Why Writers Need to Experiment More Widely

Experimentation is an integral part of being a writer, and experimenting more widely can be incredibly beneficial.

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Writing is, to some degree, constant experimentation. You have to try new things, otherwise you would be copying an existing story. Characters can be based on real people, but will always involve some change that you—intentionally or not—have applied. Real life settings and places will still be refracted through the prism of your interpretation. Emotions, choices, reactions, and thoughts are all based on your own experiences or decisions, and therefore subjectively experimental in their very nature.

“Every grain of experience is food for the greedy growing soul of the artist.”

Anthony Burgess

The path a piece of writing takes can often be constricted by the boundaries set by the writer, and these can at times be subconscious. Genre and form, combined with anticipated audience expectations based on assumptions the writer makes, can restrict experimentation and force the writer to follow set patterns. Even more universally-accepted guidelines like character arcs and act-based structures can prevent the writer trying something new, or pushing the boundaries further than is perceived acceptable. Whilst genre, form, and overall guidelines can be useful when sculpting the basic skeleton of a piece, they do not need to be slavishly adhered to, and neither should they be.

Without experimentation we would not have those great pieces of literature that have altered our worldviews; we would just be recycling the same old tired systems instead of creating new and moving art. Writing needs experimentation in the same way as science does: without it, neither would advance. The option for the writer, then, is to experiment more, and also more widely.

“Life consists of an infinite number of possibilities and the healthy person explores as many of them as possible.”

Friedrich Nietzsche

It is easy to become locked into a set pattern of behaviour; a comfort zone. Writers stick to their genre or form, their traditional type of protagonist, their usual themes. It is by pushing beyond these—and therefore altering the angle from which they see writing—that writers can develop and grow. As such, I would like to challenge you to try experimenting with your writing.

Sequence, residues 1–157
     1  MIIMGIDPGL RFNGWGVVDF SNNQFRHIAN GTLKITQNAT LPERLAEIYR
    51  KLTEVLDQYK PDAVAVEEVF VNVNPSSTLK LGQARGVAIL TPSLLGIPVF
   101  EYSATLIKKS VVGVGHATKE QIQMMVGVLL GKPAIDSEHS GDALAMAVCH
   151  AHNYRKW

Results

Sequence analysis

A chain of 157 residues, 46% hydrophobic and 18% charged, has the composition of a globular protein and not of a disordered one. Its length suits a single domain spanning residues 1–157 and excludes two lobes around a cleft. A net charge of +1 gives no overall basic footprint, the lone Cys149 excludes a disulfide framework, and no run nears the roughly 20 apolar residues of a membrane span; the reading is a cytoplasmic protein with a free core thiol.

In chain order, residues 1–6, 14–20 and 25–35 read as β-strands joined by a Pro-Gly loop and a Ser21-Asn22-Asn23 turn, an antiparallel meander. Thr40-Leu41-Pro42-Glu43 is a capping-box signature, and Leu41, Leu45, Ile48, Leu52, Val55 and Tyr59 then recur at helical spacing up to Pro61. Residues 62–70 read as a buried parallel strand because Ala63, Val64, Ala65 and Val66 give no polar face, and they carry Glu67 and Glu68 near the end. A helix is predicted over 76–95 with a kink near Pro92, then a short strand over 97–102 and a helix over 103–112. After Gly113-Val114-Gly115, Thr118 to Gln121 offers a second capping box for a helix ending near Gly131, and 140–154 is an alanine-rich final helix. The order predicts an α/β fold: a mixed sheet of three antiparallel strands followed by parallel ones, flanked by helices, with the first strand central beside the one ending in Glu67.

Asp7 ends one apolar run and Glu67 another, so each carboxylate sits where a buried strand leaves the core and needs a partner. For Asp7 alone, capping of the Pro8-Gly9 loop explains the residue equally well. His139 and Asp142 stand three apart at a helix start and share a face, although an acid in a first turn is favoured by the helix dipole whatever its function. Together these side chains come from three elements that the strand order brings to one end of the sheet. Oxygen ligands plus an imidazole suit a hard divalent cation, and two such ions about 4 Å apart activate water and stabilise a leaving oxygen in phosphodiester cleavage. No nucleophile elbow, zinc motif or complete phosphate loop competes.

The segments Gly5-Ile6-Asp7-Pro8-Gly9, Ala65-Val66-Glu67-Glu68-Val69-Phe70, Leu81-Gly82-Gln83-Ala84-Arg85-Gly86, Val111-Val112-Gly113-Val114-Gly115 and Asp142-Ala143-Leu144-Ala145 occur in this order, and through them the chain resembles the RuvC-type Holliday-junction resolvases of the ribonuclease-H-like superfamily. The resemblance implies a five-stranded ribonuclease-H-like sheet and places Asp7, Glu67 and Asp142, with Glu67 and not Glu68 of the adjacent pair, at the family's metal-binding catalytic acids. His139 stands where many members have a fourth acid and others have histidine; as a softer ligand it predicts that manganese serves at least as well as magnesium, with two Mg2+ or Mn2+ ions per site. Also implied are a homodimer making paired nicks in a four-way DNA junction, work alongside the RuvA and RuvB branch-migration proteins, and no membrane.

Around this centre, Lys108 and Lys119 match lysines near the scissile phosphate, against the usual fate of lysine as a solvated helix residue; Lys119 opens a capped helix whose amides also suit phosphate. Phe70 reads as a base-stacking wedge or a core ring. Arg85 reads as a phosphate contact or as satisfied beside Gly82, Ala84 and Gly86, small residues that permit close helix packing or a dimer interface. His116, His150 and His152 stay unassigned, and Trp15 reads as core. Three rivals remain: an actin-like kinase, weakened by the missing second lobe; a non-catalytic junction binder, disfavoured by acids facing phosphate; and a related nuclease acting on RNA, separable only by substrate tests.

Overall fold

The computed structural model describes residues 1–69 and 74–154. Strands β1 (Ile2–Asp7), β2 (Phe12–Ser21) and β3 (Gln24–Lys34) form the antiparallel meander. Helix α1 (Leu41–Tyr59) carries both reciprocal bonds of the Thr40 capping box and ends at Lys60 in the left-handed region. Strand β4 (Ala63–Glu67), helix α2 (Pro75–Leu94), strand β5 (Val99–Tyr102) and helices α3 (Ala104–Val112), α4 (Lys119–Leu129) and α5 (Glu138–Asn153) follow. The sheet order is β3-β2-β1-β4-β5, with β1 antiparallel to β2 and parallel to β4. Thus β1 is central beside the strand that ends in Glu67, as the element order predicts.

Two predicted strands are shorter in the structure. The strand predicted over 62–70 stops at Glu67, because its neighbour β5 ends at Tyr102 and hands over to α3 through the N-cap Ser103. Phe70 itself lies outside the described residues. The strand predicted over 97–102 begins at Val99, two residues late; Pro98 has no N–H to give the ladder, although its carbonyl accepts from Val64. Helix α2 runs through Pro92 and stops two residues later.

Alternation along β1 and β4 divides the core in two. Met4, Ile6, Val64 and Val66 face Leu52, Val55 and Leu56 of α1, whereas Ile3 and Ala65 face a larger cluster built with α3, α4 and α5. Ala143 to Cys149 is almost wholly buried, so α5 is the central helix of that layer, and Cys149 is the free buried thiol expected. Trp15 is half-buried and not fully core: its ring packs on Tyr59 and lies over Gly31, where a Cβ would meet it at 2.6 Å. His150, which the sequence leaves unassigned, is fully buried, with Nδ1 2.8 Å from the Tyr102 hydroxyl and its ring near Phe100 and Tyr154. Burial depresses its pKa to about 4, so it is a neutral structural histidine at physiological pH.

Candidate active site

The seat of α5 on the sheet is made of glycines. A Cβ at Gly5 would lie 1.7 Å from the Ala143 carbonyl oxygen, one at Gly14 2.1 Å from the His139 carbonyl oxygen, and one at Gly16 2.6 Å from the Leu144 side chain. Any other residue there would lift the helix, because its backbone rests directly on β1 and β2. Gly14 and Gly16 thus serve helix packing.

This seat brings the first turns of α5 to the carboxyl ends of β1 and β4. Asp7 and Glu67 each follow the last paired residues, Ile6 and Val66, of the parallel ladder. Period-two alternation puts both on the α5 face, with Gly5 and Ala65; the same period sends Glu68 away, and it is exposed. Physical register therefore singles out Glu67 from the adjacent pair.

Whatever you usually write—be it long or short-form, fiction or non-fiction, poetry or prose—you should try writing something else. You don’t need to spend long on it, nor do you need to study it extensively. Simply put: write a short story.

Short fiction is a great sandbox in which to play. You can dabble with different styles and perspectives, genres and themes, characters and settings, plots and ideas. Your only restrictions are your imagination and word count, which forces both wide-reaching concepts and focused delivery. Let yourself go and just make something up.

As part of this, you need to forget all the rules. Everything you think you know about writing can be ignored, from structure to style and everything between. Nothing is forbidden at all.

To further push yourself, try writing with a different genre or form in mind. Write romance instead of horror, or literary in place of science fiction. Craft haiku rather than slam poetry, or replace fact with opinion in non-fiction.

Whatever you come up with does not need to be shared, though it can be. If you decide to use this as a development tool, then it is a worthy one. Alternatively, this may result in new content for you to publish or submit for publication elsewhere. Either way, you will find that you grow as a writer, and you do so very quickly. Letting go and trying something different will act as a catalyst to improve your skill and craft, whilst also expanding the horizons of your artistic expression. Then, once you have finished experimenting, you can return to your usual form or style with a wider perspective and additional knowledge and ability, and that is where the real experimenting can begin.

Seb Reilly is a writer, fiction author and occasional musician. He lives by the sea in Thanet, Kent, with his family and two cats.

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